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      CommentAuthorAngus
    • CommentTimeJun 22nd 2020 edited
     
    After the post-covid inflation that'll get you coffee and a bagel.
    • CommentAuthorBigOilRep
    • CommentTimeJun 22nd 2020
     
    Posted By: alsetalokin
    Posted By: tinker$10,500,000 million dollars


    I didn't think there was that much money in the world.

    That's "only" $10.5 trillion.

    Worldwide:
    There is approximately US $37 trillion in circulation: this includes all the physical money and the money deposited in savings and checking accounts.

    Money in the form of investments, derivatives, and cryptocurrencies exceeds $1.2 quadrillion."


    So easy peasy. Probably legit.
    •  
      CommentAuthorAngus
    • CommentTimeJun 22nd 2020
     
    Posted By: BigOilRepThat's "only" $10.5 trillion.


    So you've finally switched over there? In the old standard that would be 10.5 billion (UK system).
    • CommentAuthorBigOilRep
    • CommentTimeJun 22nd 2020
     
    I mean the Fed will probably end up printing $10 trillion just keeping the bubble stock market propped up.

    They've already printed $2.3 trillion and chucked it about. Not sure how you actually get hold of any of it. I think you have to be a corporation or already very rich or something.
    • CommentAuthorBigOilRep
    • CommentTimeJun 22nd 2020 edited
     
    Posted By: AngusSo you've finally switched over there?

    Switched ages ago. Though we were going through it when I was at school - everything had to be UK billion or US billion, sometimes not telling you which for extra confusion.
    •  
      CommentAuthorAngus
    • CommentTimeJun 22nd 2020
     
    Damn. I liked the old way. As with most things.
    • CommentAuthorAsterix
    • CommentTimeJun 22nd 2020
     
    No, no! A milliard times no!
    •  
      CommentAuthorAngus
    • CommentTimeJun 23rd 2020
     
    We don't need your Frenchified billion here, as I'm sure Trim will agree.
  1.  
    Posted By: BigOilRep
    Posted By: alsetalokin
    Posted By: tinker$10,500,000 million dollars


    I didn't think there was that much money in the world.

    That's "only" $10.5 trillion.

    Worldwide:
    There is approximately US $37 trillion in circulation: this includes all the physical money and the money deposited in savings and checking accounts.

    Money in the form of investments, derivatives, and cryptocurrencies exceeds $1.2 quadrillion."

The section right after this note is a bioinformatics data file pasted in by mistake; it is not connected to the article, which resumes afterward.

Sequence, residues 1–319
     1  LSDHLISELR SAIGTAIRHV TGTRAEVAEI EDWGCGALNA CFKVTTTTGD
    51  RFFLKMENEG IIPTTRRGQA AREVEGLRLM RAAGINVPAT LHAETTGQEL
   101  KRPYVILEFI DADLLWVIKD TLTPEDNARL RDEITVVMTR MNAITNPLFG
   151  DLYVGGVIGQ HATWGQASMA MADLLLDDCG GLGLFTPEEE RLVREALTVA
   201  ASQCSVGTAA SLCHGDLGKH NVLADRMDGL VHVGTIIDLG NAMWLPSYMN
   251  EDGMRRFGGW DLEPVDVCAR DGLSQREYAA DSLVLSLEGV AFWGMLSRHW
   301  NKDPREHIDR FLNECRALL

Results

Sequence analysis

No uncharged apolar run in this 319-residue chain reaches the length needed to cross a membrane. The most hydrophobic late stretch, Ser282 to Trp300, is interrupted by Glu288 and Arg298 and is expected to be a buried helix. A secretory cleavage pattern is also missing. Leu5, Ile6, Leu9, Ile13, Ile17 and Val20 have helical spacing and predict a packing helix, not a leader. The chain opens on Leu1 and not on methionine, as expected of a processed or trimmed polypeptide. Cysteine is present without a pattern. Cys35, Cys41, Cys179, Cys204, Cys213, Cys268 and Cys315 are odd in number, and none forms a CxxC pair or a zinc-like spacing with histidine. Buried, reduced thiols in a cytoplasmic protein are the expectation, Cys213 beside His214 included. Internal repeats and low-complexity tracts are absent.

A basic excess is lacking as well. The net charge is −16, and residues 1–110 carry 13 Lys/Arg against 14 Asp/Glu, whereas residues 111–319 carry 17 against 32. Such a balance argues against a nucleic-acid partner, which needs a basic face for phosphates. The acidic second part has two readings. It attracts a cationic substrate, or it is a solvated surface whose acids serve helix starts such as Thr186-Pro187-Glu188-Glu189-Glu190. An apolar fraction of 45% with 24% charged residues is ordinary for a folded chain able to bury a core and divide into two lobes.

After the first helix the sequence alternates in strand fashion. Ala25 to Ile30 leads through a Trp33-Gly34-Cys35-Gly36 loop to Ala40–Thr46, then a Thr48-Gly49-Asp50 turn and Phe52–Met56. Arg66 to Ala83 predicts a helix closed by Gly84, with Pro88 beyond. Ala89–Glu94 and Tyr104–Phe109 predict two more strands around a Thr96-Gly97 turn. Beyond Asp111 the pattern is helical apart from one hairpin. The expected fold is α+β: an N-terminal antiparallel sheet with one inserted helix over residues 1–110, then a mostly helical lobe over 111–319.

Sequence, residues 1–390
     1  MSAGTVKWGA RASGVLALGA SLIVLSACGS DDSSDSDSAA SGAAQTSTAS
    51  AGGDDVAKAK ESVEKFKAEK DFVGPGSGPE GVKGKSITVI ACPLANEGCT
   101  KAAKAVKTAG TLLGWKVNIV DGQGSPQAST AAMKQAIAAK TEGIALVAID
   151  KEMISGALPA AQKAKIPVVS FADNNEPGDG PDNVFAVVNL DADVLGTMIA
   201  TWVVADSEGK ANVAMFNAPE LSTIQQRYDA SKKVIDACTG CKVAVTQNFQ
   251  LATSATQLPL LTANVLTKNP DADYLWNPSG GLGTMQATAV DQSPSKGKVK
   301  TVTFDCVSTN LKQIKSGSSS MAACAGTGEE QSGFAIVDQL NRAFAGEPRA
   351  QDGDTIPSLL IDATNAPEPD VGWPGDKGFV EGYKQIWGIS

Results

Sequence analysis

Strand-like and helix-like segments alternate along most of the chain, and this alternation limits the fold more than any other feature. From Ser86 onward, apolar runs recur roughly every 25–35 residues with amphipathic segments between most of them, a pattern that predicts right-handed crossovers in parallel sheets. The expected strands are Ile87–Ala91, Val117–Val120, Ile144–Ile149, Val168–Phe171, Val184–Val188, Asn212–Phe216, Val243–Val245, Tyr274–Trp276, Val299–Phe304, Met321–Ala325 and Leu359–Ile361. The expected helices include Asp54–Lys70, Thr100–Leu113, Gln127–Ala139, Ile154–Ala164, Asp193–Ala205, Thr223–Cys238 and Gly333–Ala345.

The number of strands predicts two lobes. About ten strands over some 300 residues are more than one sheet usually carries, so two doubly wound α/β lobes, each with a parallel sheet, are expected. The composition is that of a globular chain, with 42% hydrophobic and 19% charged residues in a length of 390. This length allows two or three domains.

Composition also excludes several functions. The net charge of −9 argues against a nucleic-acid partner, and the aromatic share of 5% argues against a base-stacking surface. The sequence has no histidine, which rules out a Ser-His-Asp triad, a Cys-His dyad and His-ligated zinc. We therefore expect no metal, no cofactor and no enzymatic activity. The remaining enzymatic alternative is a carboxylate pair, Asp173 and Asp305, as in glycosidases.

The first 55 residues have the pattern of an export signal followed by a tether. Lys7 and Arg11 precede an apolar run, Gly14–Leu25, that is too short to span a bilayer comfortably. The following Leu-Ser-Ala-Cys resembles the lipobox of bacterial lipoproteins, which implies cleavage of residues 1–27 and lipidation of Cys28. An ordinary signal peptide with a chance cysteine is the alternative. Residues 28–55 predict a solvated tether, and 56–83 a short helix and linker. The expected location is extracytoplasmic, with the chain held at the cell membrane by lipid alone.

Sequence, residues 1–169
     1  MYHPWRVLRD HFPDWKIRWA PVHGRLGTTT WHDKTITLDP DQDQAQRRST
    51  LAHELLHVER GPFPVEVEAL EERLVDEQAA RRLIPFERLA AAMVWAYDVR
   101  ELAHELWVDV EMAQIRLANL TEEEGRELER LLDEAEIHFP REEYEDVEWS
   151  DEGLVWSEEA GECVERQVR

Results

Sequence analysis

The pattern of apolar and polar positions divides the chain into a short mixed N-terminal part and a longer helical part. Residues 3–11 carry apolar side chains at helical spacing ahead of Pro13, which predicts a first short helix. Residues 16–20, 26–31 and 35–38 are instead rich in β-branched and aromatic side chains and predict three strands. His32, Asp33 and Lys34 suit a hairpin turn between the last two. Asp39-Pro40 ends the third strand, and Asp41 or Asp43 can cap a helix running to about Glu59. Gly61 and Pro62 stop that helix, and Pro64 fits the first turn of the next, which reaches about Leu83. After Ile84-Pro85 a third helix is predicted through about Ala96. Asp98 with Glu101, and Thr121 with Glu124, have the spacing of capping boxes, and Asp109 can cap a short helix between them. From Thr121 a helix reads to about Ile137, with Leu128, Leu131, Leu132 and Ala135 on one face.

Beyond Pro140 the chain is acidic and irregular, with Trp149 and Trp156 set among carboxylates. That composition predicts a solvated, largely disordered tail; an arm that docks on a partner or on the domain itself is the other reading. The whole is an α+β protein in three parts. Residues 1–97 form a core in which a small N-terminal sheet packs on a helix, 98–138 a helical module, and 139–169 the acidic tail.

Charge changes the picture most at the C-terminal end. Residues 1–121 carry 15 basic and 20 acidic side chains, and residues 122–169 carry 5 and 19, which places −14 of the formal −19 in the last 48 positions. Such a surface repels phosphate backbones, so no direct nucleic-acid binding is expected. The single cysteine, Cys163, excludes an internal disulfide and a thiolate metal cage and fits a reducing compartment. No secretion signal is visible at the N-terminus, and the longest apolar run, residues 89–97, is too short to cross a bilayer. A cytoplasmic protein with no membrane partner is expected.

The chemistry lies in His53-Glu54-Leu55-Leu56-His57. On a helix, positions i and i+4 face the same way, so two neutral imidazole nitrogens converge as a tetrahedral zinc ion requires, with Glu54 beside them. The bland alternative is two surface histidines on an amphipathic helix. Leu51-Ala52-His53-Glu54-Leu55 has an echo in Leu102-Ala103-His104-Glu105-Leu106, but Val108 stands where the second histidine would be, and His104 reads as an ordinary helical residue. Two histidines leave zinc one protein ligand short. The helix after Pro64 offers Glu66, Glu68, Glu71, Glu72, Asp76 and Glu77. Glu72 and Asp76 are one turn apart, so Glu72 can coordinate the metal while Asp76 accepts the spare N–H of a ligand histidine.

So easy peasy. Probably legit.


    I get lost in all the zeros. Most of my significant digits are zeros, anyway. And the rest are on my hands and feet.
    •  
      CommentAuthorAngus
    • CommentTimeJun 29th 2020
     
    • CommentAuthorAsterix
    • CommentTimeJun 29th 2020
     
    All too common nowadays, I'm afraid. I get scam solicitations, delivery notices, payment demands, etc. routinely everyday, it seems.
    • CommentAuthorAsterix
    • CommentTimeJul 21st 2020
     
    DP COVID-19 Response Fund

    In response to the outbreak #COVID19, the Center for Disaster Philanthropy (CDP) has launched the CDP COVID-19 Response Fund to support preparedness, containment, response and recovery activities for those affected and for the responders.

    Please fill the W9 attached or if you already have W9 kindly send a copy of your W9 to the below email for fund processing.

    Email: covid-19.application@atzadvisor.com

    A representative will get back to you as soon as your application is received.

    Dr. Rowan Alkinson
    Executive Director
    Atz Advisor Group.
    Center for Disaster Philanthropy (CDP)
    United States


    emailed from a .pe (peru) domain. Rowan Alkinson? Shirley they mean "Atkinson".
    •  
      CommentAuthorAngus
    • CommentTimeJul 21st 2020
     
    It's hard to say, old bean.
    • CommentAuthorAsterix
    • CommentTimeJul 21st 2020
     
    It's odd--do a google image search on "Rowan Alkinson" and you still get lots of Mr. Bean hits along with the surname misspelling. I think it's a non-English thing.
    •  
      CommentAuthorAngus
    • CommentTimeJul 21st 2020
     
    AP's comment about catch and release led me to wonder about the journal in which that thing about Pi was published. What came up fits here better than the Maths thread.

    Who knew the jungle was so vast...?
    •  
      CommentAuthorDuracell
    • CommentTimeJul 24th 2020
     
    Top lawyer accused of relaying offer of £1m 'bribe' to police, say court transcripts

    The judge in the trial, David Tomlinson, summarised the offer to pay money to the police as an “inducement by way of £1m”, but did not make any adverse findings against Stubbs and ultimately ruled against admitting the Crimint report as evidence.

    However, the judge said Stubbs appeared to think the plan to release the supposed CIA funds was “a clever idea” and described the senior lawyer’s alleged conversations with the police as “extraordinary”.

    “The whole thing is bizarre. I mean, there are all sorts of problems with it,” the judge remarked. “There are all sorts of questions one can imagine one might ask Mike Stubbs if only to show him how harebrained the idea is.” The police, the judge added, “simply blew the whole idea out of the water both times it was suggested, which was the responsible thing to do”.